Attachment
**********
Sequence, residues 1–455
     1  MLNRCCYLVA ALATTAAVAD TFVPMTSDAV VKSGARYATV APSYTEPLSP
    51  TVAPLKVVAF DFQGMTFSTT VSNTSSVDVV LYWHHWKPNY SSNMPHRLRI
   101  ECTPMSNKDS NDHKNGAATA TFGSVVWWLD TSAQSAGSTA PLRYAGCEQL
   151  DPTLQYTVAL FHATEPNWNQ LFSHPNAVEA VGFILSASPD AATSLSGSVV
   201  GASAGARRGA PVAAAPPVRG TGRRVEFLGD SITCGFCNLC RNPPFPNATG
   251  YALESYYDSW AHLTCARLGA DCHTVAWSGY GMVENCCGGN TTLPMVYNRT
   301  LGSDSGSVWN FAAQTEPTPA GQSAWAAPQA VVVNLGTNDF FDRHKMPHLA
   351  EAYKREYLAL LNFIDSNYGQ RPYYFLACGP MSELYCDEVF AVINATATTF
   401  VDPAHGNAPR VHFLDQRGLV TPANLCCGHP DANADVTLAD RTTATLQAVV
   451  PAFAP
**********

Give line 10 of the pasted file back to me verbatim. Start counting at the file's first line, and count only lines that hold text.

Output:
   401  VDPAHGNAPR VHFLDQRGLV TPANLCCGHP DANADVTLAD RTTATLQAVV